Honor? Loyalty? Dignity? What are they doing as primary themes in a play about war, political maneuvering and religion? Hint: Neither the play nor the war is of recent vintage, though the Unseam'd Shakespeare Company's restoration of The Constant Prince speaks to today's audiences -- and might even inspire them.
Director Rick Davis also translated the play, written by Spanish legend Pedro Calderón de la Barca in 1629 about wars nearly 200 years earlier. The 17th century may have been benighted with the acceptance of the divine right of kings and biblical justifications of slavery. But, by golly, Christians and Muslims could at least respect each other's religious beliefs and recognize their respective humanity while they were trying to disembowel each other.
But do not mistake this for Romantic war-is-noble pishtosh. By necessity, the great battles are offstage and no blood gushes onto the neat confines of the Open Stage Theatre's stage. Yet neither Calderón nor Davis denies the suffering and ultimate stupidity of war.
The story, though tightly told, is complex. The constancy of the title's prince primarily involves his steadfastness as a Christian even to the point of martyrdom during Muslim captivity. But nobility's obligations get all tangled and conflicted in the relationships among enemies, friends, families and lovers. Every character faces seemingly impossible decisions about physical suffering, spiritual pain and questions of honor.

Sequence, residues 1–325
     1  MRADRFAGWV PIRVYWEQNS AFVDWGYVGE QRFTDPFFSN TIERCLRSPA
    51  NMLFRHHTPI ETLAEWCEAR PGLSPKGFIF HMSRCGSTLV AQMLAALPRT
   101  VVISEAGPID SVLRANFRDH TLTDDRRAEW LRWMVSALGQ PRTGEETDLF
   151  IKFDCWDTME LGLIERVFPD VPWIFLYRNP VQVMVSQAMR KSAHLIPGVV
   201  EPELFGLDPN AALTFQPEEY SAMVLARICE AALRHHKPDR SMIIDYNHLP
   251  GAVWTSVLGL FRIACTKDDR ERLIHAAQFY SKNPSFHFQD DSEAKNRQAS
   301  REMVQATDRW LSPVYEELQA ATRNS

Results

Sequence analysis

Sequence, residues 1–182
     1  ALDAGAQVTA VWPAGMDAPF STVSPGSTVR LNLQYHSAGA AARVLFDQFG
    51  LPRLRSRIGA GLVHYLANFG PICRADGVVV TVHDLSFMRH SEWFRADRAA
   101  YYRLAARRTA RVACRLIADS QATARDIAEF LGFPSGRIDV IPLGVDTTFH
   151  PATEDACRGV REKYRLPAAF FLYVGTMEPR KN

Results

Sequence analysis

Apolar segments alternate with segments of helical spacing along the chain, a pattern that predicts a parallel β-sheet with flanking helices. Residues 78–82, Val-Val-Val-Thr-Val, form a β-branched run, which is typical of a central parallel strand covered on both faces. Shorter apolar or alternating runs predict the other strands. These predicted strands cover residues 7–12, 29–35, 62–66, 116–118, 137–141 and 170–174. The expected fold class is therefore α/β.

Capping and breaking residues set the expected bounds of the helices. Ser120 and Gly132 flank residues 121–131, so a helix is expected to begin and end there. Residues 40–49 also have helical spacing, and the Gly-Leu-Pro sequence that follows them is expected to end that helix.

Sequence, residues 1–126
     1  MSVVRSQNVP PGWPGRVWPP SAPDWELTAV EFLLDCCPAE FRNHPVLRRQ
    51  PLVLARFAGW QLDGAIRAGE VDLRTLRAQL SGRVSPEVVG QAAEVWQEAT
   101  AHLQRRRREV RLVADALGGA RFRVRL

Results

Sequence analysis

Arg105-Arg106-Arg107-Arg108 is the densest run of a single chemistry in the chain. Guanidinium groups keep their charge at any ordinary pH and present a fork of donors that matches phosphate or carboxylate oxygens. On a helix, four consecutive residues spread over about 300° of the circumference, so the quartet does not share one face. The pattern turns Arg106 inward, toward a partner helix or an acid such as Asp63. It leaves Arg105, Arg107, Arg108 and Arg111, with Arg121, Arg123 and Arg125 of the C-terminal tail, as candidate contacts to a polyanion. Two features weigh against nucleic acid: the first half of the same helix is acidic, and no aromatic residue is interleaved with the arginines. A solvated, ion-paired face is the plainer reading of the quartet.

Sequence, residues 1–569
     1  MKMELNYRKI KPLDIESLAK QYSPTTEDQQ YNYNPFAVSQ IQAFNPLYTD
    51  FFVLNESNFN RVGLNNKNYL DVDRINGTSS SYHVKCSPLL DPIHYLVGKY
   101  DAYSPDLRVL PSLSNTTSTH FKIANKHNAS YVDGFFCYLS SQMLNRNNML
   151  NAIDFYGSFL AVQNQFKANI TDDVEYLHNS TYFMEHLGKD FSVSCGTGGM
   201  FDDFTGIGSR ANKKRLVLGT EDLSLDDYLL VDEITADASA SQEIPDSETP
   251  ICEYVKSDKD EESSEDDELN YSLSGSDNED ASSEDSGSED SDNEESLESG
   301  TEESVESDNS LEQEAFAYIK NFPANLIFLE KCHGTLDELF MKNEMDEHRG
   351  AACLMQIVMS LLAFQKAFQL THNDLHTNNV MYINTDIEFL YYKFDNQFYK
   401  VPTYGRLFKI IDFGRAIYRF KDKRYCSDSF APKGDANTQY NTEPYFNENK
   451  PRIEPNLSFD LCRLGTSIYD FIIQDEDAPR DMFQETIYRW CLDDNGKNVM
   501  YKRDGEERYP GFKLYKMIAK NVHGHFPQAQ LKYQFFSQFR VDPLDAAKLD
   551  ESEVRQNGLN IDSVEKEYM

The most interesting character, a Muslim soldier ably played by Nate Jedrzewski, confronts the greatest complexities: Hamlet and Othello combined with an unlikely friendship with the captive prince, and even unlikelier romance with the Moorish king's daughter. Joe Domenic captures the saintly fervor of the title character, a nice compare-and-contrast with the religious arrogance and martial zeal of Marc Epstein as the king of Portugal. A regal Doug Pona easily rules the stage as the king of Fez. But let us hope that during the run, Deanna Brokkens' projection improves; her crucial lines as the king's daughter are chewed up and never spit out. Completing the capable and multi-tasking cast are Brian Czarniecki, Jennifer Koegler, Parag Gohel and Evan Endres.
Though a story of its day, The Constant Prince is no relic. There is honor but no glory; no real villains, and ultimately -- despite victories on the battlefield -- no real winners or losers. It's a story still worth hearing, in the flowing language of a classic storyteller.
The Constant Prince continues through June 30. The Unseam'd Shakespeare Co. at Open Stage Theatre, 2835 Smallman St., Strip District.412-394-3353 or www.proartstickets.org